College students who have borrowed money for tuition are failing to pay off their student loans in record numbers, according to a new report on the educational lending crisis. Student loan debt in the US has now reach an unbelievable $1 trillion.
The number of students walking away from their loans has increased dramatically, according to the Los Angeles Times:
“The student-loan delinquency rate in the last three years has risen to 15.1%, up from 12.4% from 2005 to 2007, according to FICO Labs, a unit of Fair Isaac Corp., which publishes consumer credit scores. That’s a nearly 22% increase.
“The report is the latest red flag signaling that monstrous debt is a problem not only for students but potentially for the broader economy as well.”
Annual undergraduate tuition can go as high as $60,000 a year at some educational institutions, and government-guaranteed financial aid encourages more and more runaway spending by colleges and universities rather than budgetary reforms. Undergrads owe on average $27,000 after they get out. For graduate school, the debt load often rises to the six figures with no assurance of a job waiting (which is in part why law school applications are imploding).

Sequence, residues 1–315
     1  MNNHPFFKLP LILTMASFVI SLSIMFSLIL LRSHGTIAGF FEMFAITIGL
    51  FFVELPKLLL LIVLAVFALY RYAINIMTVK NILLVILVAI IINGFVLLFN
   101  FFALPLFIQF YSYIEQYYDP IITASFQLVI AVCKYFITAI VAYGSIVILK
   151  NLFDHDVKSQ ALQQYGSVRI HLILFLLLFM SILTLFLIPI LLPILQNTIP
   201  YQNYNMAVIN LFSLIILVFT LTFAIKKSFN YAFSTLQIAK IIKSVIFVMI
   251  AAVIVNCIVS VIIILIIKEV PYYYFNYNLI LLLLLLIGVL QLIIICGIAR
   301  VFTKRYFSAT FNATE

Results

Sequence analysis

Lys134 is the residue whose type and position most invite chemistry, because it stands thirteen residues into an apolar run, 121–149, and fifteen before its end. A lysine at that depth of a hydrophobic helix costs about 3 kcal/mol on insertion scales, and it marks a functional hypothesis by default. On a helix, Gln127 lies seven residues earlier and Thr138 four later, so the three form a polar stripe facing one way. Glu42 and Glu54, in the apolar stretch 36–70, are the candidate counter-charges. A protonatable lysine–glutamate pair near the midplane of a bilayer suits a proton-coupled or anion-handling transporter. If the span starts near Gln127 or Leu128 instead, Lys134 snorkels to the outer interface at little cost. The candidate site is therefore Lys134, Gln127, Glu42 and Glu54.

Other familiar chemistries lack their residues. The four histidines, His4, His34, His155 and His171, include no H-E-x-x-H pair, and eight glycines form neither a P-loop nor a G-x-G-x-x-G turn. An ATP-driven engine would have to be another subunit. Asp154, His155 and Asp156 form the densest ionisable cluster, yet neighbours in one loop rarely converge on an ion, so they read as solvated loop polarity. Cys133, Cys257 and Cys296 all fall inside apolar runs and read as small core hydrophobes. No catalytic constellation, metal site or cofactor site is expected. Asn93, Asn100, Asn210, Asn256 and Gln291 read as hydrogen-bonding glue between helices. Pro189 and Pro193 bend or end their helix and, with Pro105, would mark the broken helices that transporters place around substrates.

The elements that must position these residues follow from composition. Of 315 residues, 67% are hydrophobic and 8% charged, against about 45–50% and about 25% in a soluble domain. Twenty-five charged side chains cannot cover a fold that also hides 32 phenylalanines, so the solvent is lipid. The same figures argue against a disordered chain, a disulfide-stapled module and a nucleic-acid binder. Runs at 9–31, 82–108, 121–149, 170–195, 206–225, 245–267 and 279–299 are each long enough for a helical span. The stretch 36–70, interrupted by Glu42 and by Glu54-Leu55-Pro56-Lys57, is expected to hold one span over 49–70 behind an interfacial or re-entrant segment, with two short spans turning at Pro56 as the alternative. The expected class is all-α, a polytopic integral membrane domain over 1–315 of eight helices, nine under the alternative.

Dr. Andrew Jennings, FICO’s chief analytics officer and head of FICO Labs, expressed grave concern about the student loan default rate:
“This situation is simply unsustainable and we’re already suffering the consequences. When wage growth is slow and jobs are not as plentiful as they once were, it is impossible for individuals to continue taking out ever-larger student loans without greatly increasing the risk of default. There is no way around that harsh reality.”
Do you think debt from student loans (a.k.a. the higher education bubble) could pose a danger to the economy similar to or even worse than the subprime mortgage meltdown in 2007-2008?